GOP Senator Says O’Care Repeal ‘Would Make Sweeping’ Cuts To Medicaid

Sen. Susan Collins, R-Maine, speaks amid a crush of reporters after Republicans released their long-awaited bill to scuttle much of President Barack Obama's Affordable Care Act, at the Capitol in Washington, Thursday, June 22, 2017. She is one of four GOP senators to say they are opposed to it as written which could put the measure in immediate jeopardy.  (AP Photo/J. Scott Applewhite)
J. Scott Applewhite/AP

Sen. Susan Collins (R-ME) on Sunday said Senate Republicans’ bill to repeal Obamacare would make “sweeping and deep cuts” to Medicaid and endanger rural hospitals without “a single hearing” in the Senate to evaluate the proposal’s effects.

“This bill would make sweeping and deep cuts to the Medicaid program, which has been a safety net program on the books for more than 50 years, ensuring that some of our most vulnerable citizens, our disabled children, our low-income seniors, receive the health care that they need,” Collins said on ABC News’ “This Week.”

“It would also jeopardize the very existence of our rural hospitals and our nursing homes, which not only provide essential care to people in rural America, but also are major employers in the small communities in which they are located,” she added. “And worst of all, these changes would be made without the Senate having held a single hearing to evaluate their impact.”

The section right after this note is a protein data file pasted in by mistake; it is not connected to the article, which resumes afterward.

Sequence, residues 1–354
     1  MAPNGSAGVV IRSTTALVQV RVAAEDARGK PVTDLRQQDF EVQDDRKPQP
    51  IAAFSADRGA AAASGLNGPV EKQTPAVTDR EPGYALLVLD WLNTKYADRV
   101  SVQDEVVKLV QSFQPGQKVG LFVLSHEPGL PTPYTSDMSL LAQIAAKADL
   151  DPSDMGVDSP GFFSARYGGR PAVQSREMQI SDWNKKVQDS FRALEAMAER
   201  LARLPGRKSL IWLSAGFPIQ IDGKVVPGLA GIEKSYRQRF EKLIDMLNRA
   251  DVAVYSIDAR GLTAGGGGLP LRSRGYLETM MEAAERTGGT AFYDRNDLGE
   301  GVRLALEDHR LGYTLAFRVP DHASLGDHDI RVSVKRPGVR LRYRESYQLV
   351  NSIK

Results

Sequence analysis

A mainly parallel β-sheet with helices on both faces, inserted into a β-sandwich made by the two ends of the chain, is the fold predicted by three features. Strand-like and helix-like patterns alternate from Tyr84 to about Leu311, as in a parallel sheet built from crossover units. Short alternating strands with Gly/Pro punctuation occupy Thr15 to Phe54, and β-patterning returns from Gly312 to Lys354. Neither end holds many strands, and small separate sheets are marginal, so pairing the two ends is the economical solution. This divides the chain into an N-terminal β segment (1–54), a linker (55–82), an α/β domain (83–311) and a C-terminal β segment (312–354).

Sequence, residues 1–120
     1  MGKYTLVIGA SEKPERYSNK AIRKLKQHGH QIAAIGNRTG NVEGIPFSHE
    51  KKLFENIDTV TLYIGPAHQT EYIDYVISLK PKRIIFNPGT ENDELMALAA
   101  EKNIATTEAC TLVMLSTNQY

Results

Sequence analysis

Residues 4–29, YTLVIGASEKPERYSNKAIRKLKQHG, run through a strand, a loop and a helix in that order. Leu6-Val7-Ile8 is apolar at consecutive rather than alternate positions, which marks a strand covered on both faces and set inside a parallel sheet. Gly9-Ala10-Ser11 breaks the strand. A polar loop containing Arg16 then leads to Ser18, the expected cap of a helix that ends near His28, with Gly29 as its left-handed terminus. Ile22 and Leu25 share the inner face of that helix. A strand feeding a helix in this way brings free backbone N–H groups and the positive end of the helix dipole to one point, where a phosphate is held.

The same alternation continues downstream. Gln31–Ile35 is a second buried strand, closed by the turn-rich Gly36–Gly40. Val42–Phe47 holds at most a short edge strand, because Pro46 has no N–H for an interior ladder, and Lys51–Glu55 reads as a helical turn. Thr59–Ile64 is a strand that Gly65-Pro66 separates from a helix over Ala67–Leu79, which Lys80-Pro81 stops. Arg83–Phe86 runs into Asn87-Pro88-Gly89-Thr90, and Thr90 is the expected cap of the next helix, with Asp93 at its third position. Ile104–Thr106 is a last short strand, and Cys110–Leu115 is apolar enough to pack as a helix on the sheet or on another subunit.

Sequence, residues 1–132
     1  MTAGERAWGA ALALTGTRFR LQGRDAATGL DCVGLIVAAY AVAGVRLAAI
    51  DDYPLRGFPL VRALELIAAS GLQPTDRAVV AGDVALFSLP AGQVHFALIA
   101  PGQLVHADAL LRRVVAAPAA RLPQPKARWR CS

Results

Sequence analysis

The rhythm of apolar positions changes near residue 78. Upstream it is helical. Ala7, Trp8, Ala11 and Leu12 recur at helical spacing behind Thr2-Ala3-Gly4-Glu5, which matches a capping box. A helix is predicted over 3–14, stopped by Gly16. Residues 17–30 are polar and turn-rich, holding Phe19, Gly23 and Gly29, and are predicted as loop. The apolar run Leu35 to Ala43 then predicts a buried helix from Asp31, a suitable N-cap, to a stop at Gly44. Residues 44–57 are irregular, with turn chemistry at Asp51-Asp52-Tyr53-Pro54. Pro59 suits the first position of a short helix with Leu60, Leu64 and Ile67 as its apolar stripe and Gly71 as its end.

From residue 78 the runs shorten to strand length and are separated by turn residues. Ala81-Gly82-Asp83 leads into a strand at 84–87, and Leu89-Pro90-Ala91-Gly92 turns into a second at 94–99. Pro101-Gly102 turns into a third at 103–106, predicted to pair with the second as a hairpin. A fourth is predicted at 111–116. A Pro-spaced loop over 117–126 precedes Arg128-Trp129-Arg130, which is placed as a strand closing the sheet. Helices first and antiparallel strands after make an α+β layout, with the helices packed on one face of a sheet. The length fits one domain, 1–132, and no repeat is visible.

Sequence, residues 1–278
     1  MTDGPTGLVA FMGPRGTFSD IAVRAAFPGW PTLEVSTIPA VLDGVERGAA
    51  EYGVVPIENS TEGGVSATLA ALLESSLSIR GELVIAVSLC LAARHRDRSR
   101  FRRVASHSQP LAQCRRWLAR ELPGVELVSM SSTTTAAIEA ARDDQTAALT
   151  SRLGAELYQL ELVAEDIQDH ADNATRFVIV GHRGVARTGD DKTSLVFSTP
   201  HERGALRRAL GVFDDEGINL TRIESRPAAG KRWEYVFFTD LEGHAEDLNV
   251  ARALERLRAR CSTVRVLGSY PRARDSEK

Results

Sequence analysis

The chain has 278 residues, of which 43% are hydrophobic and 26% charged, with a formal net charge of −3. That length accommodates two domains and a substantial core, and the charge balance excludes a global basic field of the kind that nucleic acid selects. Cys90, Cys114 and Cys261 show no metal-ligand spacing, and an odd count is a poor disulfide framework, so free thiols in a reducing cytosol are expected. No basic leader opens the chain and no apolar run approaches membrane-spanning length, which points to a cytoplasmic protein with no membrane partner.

“But the vote’s been delayed. Did McConnell have the votes to get it passed?” ABC’s Jon Karl asked, referring to Senate Majority Leader Mitch McConnell’s (R-KY) decision to postpone a vote on the bill.

“I don’t know. I think it would be extremely close. There are many of us who have concerns about the bill,” Collins, who announced she will not vote for the proposal, replied. “On the Senate side, I would estimate that there about eight to ten Republicans senators who have deep concerns.”

“So you heard Vice President Pence say that this bill provides for the most vulnerable, improves Medicaid, and will lead to better outcome. Is he right?” Karl asked.

“I would tactfully disagree with the vice president,” Collins said.